The sacroiliac joint is in the low back where the spine meets the pelvis. Sacroiliac joint pain is discomfort in this area. This pain is a symptom that may come from a number of conditions or diseases.
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Pain may start in the joint, or in surrounding ligaments or nerves. Ligaments are bands of tissue that connect 1 bone to another. The sacroiliac joint has many nerve endings. The nerves send pain signals to the brain. Pain in this region may be caused by many factors, including: Twisting, bending, or moving in a way that triggers sacroiliac joint painInfection of the jointOsteoarthritis
of the joint, which is more common in older adults
, such as an auto accident
, which is common
Inflammation of the joint, which can occur with
Factors that may increase your chance for sacroiliac joint pain include: Weak musclesBending or twisting the backImproper lifting
Inflammatory conditions, such as ankylosing spondylitis or
psoriatic arthritisFalling or taking awkward steps off a curb or step
Sacroiliac joint pain may cause: Mild-to-severe low back painPain in the buttocksPain that seems deep in the pelvisPain in the hip or groin or back of the thighPain that radiates down the leg on the affected sideStiffness of the lower spineCertain activities may increase the pain, such as walking, twisting, or bending
You will be asked about your symptoms and medical history. A physical exam will be done.
Images may be taken of your bodily structures. This can be done with: X-raysCT scan
Joint injections or nerve blocks may be done to determine if the pain starts in the joint.
Treatment depends on the cause of the pain. Any underlying condition would receive treatment specific for that disease. Regardless of the cause, short-term rest is often advised.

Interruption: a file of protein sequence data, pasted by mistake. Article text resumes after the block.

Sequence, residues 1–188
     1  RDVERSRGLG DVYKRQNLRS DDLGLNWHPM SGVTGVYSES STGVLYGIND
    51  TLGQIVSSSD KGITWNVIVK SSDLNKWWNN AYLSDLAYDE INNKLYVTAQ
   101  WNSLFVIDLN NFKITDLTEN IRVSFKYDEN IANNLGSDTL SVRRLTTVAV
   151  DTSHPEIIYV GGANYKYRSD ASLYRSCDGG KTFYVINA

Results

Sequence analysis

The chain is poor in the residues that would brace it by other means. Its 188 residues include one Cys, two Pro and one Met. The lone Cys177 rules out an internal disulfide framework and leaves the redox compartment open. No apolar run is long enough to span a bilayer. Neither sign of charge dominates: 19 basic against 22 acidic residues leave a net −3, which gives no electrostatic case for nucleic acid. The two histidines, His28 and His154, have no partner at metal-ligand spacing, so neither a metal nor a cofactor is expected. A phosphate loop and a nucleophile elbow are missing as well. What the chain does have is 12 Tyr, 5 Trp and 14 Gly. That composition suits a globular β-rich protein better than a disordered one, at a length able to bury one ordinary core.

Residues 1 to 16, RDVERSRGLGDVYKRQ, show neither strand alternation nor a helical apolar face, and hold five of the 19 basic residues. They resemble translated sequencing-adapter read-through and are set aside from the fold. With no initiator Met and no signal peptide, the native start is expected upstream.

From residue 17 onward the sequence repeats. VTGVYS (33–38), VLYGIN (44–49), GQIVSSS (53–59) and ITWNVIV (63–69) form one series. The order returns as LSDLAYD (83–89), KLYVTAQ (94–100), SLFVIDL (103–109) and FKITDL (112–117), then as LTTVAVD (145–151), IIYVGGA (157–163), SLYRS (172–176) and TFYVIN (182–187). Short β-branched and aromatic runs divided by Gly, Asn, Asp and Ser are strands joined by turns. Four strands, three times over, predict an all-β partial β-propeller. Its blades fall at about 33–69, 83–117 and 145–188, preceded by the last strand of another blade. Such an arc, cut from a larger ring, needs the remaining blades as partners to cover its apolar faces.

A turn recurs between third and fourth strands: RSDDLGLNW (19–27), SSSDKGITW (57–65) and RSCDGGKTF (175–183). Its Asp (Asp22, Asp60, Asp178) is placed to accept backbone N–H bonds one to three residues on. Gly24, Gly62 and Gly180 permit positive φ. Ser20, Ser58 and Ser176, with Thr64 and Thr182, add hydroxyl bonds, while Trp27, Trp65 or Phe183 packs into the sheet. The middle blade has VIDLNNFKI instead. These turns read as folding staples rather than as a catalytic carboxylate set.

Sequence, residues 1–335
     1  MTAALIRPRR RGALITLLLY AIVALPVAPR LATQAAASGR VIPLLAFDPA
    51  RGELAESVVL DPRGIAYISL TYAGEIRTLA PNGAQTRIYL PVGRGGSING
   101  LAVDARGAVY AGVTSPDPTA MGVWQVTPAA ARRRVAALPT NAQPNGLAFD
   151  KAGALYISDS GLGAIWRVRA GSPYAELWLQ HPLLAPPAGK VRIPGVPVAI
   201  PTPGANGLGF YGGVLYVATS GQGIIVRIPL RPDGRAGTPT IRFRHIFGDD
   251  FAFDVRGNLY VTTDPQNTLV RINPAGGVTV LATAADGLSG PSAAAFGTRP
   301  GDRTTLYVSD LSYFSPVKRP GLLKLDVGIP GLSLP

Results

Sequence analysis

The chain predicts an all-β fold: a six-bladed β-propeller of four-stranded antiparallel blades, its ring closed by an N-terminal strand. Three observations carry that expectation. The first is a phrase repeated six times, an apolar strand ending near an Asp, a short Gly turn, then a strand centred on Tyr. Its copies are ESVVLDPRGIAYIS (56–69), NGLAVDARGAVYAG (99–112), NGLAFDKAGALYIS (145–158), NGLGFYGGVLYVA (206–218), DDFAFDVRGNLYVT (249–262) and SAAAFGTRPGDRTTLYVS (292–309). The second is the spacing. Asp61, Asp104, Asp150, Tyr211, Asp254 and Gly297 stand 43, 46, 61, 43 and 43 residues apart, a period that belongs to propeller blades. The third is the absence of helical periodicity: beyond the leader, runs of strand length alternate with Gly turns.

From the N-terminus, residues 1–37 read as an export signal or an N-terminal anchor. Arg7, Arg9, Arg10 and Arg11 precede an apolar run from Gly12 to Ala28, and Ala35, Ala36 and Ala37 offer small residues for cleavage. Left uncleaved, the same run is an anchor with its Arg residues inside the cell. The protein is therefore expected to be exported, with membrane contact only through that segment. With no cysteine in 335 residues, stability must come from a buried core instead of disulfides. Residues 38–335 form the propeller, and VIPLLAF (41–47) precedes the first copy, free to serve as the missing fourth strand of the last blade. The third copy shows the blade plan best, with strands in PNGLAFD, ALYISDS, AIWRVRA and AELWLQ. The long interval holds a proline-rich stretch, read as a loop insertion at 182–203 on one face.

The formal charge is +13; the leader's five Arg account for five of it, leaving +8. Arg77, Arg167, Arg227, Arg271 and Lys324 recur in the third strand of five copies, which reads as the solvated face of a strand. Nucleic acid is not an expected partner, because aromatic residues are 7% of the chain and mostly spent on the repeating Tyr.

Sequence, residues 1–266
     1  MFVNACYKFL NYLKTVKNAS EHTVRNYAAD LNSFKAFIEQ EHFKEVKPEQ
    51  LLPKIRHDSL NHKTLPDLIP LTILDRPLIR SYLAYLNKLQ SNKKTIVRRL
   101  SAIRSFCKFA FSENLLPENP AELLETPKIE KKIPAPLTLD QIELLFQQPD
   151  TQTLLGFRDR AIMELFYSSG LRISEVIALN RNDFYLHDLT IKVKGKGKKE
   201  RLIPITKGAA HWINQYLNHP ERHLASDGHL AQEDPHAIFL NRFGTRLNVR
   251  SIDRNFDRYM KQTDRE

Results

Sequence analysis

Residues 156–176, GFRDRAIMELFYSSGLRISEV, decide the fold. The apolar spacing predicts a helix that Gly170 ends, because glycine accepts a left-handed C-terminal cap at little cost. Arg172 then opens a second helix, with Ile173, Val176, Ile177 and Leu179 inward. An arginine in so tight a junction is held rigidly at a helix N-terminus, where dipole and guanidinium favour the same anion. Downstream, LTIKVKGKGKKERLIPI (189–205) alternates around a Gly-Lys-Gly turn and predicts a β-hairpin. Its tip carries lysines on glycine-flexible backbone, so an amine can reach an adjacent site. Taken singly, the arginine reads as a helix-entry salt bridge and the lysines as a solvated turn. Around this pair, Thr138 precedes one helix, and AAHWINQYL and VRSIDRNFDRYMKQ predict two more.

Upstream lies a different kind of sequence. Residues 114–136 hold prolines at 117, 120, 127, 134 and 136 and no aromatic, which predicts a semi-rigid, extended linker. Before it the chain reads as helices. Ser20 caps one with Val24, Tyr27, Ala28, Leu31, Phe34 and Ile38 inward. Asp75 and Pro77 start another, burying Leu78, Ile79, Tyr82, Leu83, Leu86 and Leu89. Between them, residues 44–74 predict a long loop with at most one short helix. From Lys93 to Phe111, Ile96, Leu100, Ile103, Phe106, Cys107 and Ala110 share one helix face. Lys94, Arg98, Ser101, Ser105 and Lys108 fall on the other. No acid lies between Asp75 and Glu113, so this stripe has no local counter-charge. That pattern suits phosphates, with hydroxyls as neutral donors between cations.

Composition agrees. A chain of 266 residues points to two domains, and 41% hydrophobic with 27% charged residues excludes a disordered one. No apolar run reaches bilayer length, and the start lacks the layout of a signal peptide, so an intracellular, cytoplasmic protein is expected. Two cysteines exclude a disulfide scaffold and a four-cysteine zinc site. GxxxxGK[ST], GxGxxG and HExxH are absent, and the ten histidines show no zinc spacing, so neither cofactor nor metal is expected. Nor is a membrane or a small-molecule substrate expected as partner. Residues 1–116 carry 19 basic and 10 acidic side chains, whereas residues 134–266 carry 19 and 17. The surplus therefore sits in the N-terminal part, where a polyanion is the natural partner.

Talk with your doctor about the best treatment plan for you. Options may include one or more of the following:
Your doctor may recommend: Over-the-counter pain relievers, such as acetaminophen or other nonsteroidal anti-inflammatory drugs (NSAIDs)Prescription pain relieversMuscle relaxantsSteroid injections into the sacroiliac joint
Physical therapy may include: Exercises to stretch the muscles of the lower backExercises to strengthen the muscles which support the areaExercises to affect the motion of the sacroiliac jointApplying ice to the painful areaApplying deep heat to the sore area
To reduce your chance of developing sacroiliac joint pain, take these steps: Exercise regularly to keep muscles strongMaintain good postureUse proper techniques for bending, lifting, or playing sports
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Last reviewed June 2016 by Laura Lei-Rivera, PT, DPT, GCS
Please be aware that this information is provided to supplement the care provided by your physician. It is neither intended nor implied to be a substitute for professional medical advice. CALL YOUR HEALTHCARE PROVIDER IMMEDIATELY IF YOU THINK YOU MAY HAVE A MEDICAL EMERGENCY. Always seek the advice of your physician or other qualified health provider prior to starting any new treatment or with any questions you may have regarding a medical condition.
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